Most route-based vibration analysis is performed at the bearing cap locations. For trending, this is the most logical place to detect rotor and bearing faults. Keep in mind that the location that the vibration data is collected may not be the location of "highest" vibration. It also may not indicate the source of the problem.
As an example, many large feed water pumps have oil lubrication lines that can be excited into resonance during operation. When measured at the bearing locations, the vibration may increase to alarm levels. However, at the line itself, the vibration may be orders of magnitude higher. It's very frustrating to be trying to solve a problem when you don't have a good overall sense of the potential problem source.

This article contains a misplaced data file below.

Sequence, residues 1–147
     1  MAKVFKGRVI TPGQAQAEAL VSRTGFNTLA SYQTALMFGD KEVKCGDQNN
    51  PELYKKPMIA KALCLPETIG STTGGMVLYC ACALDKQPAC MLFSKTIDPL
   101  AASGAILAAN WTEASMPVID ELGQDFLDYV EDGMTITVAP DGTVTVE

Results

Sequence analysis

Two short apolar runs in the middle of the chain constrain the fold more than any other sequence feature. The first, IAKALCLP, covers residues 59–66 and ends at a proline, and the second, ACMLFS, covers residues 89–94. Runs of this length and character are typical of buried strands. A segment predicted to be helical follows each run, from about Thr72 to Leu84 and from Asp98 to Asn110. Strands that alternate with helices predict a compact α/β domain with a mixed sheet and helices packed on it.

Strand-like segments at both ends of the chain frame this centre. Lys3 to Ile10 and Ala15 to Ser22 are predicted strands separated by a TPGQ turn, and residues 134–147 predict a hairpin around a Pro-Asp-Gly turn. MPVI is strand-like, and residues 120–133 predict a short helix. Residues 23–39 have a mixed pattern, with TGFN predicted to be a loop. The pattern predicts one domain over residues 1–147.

Alternately, the measurement location(s) specified for trending may be the worst choice for indicating overall response levels. An example of this was a vertical pump system in a nuclear power plant that had a quarterly measurement location specified on the motor end bell that was resonant. The end bell was responding at much higher levels than a more stable housing location just inches away.
In each of these cases, a little investigation beyond the typical trending locations would have indicated the problem source. When in doubt, use your sense of touch and "walk" the machine, its mounts and foundations for changes in vibration level. Then take a few off-route measurements to get a better perspective. It might be time well spent.
Tip by Dan Ambre, P.E. [Modalguy]
Full Spectrum Diagnostics, PLLC